Shakespeare’s Plays with Hidden Meanings
Shakespeare hid facts about his real life in his most famous writings: Macbeth, Hamlet, and Romeo and Juliet. The famous humor, the many double entendres, and the mysterious Rosaline all go far beyond what is written on the page. These aspects of Romeo and Juliet, among others, contribute to the mystery of the way Shakespeare writes. By analyzing three aspects of Shakespeare’s writing: his inconspicuous jokes, his character development, and his complex vocabulary, it can be determined that Shakespeare wrote his plays with hidden meanings that relate to his real life; leading to a far deeper understanding of the text, and of Shakespeare himself.
Rosaline is in fact a characterization of Shakespeare’s first love: Anne Whateley. There are many similarities, including their name; Anne’s middle name is “Rosaline”. Shakespeare was going to get married to Anne, “In the Episcopal Register at Worcester under 27 November 1582 there is the following sentence: ‘item eodem supradicto die similes emanavit licencia inter Willielmum Shaxpere et Annam Whateley de Temple Grafton’” (Beach Combing). (http://www.strangehistory.net/2012/10/29/shakespeares-first-anne/). This shows that Anne was Shakespeare’s first love, like Rosaline was Romeo’s first love, because Shakespeare got a marriage license for him and Anne, before Anne Hathaway. Also, Anne and Rosaline are both nuns; although in Romeo and Juliet, Rosaline was not able to get married, but in real life, Anne was. We never actually see Rosaline during the play–she is only mentioned–but this is yet another similarity, because there is no proof that Anne Whateley exists. This hidden metaphor is important because it gives the reader a far deeper understanding of the way Shakespeare feels about his first true love, the way Romeo felt about Rosaline. Anne Whateley, although not proven to exist, lives on through Shakespeare’s play, as Rosaline.
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As a bit of humor, the serving boy could not read the list of party guests. Shakespeare must have thought this was funny, because his father and mother were illiterate, while he could read and write. William-shakespeare.info states that: “John Shakespeare (father of the Bard) was totally illiterate, he used glovers’ compasses as his signature” (Linda Alchin). (http://www.william-shakespeare.info/william-shakespeare-biography-mother-and-father.htm). This gives insight into Shakespeare’s life, showing the reader that he felt he had surpassed his father. When Mercutio dies, he says: “Ay, ay, a scratch, a scratch” (William Shakespeare). Well, he dies from said scratch, which inevitably caused a great amount of laughter in the audience. This type of humor is called understatement, and it makes sense that Shakespeare would brighten up such a dark part of the story, Mercutio’s death, with this humor. Humor was Shakespeare’s way of expressing himself, even if no one catches it.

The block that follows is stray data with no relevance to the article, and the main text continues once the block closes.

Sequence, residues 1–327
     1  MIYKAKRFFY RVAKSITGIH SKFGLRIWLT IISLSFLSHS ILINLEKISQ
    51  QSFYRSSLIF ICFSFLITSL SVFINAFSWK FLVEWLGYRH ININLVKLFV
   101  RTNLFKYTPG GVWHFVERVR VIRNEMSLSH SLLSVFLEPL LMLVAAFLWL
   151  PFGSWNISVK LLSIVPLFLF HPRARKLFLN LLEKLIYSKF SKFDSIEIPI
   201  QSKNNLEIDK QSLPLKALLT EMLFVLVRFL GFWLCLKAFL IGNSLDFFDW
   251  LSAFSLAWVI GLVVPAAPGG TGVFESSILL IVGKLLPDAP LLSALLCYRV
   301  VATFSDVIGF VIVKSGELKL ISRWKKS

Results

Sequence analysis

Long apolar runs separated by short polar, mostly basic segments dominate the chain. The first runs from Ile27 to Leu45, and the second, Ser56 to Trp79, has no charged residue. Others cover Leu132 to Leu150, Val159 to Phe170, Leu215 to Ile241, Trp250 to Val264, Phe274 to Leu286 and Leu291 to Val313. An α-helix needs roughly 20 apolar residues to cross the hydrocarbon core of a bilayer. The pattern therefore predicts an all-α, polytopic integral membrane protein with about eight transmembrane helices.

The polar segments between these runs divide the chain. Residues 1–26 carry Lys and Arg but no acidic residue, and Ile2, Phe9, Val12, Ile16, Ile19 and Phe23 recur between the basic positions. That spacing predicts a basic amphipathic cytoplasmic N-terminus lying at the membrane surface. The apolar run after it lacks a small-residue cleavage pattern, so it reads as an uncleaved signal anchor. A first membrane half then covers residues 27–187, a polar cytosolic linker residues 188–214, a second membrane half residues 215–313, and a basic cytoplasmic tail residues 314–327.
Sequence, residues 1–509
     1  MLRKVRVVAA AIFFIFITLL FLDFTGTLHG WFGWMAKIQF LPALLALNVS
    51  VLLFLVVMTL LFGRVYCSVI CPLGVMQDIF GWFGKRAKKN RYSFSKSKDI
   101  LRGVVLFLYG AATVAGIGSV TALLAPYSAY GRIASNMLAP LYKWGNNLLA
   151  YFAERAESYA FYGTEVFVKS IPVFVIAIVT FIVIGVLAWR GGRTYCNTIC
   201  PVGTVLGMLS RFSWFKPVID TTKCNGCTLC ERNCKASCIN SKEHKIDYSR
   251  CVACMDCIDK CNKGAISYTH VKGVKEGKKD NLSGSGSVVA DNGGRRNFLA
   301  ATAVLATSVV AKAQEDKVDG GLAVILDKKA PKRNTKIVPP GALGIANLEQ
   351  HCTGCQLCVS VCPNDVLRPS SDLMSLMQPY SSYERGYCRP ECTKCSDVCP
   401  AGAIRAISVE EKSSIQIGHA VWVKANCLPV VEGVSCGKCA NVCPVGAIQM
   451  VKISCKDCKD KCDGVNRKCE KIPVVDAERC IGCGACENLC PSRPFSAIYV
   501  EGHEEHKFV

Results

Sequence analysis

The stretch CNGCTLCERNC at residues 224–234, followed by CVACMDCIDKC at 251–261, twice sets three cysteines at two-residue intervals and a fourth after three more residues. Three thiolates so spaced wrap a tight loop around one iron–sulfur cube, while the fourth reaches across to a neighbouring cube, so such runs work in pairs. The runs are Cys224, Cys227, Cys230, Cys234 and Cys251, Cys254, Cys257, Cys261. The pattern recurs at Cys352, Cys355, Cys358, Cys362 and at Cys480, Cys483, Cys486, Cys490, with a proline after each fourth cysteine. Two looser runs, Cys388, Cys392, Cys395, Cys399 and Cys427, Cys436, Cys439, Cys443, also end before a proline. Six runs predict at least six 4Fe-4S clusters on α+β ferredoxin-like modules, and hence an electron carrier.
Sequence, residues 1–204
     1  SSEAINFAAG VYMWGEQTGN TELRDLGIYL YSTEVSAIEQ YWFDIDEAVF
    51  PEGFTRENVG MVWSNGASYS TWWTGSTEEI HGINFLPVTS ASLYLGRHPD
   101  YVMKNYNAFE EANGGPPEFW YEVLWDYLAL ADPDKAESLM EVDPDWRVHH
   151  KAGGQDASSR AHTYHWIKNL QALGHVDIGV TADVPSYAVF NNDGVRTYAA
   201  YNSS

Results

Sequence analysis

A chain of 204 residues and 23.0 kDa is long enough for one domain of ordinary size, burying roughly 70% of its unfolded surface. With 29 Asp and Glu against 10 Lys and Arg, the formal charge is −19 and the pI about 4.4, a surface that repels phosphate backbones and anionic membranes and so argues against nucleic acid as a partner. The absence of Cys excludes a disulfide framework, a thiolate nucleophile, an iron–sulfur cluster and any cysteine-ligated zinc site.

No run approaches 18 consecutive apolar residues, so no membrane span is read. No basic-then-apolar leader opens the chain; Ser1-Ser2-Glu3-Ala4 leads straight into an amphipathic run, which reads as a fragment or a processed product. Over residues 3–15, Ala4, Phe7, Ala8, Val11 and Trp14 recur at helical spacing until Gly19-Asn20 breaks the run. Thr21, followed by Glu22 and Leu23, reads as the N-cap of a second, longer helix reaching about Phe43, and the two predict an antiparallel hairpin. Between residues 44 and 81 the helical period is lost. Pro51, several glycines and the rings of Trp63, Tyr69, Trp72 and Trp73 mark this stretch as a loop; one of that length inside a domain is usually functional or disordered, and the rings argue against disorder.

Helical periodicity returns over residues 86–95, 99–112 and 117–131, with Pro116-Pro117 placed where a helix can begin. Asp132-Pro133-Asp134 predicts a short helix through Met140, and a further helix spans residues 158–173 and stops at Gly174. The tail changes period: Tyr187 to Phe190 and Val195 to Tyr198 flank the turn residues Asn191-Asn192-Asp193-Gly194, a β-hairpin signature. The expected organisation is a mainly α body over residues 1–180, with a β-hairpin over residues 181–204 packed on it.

The last scene of Romeo and Juliet is a very tragic scene, but if you look deeper, you find that Shakespeare could not help himself from hiding one last double entendre. A double entendre is when a phrase has a written meaning, but also a second hidden meaning; in this case, and in most Shakespearian double entendres, it is a hidden sexual inuendo. In the last scene, Juliet says: “O happy dagger, this is thy sheath. There rust and let me die” (William Shakespeare). Shakespeare is making a Latin sex joke; the English word ‘sheath’ translates to the Latin word ‘vagina’. Also, as stated by Paul Anthony Jones: “in 16th and 17th century English die could also be used as a euphemism meaning ‘to achieve sexual climax’” (Paul Anthony Jones). (https://www.telegraph.co.uk/men/the-filter/20-words-william-shakespeare-used-completely-differently-to-you/). Now it is obvious what Juliet was actually saying, or more accurately, what Shakespeare was implying. This leads to a far deeper understanding of Shakespeare, as it gives a closer look at the things he would write in his plays, and possibly do in real life. Shakespeare was a naughty old man who could not help but hide double entendres in his plays.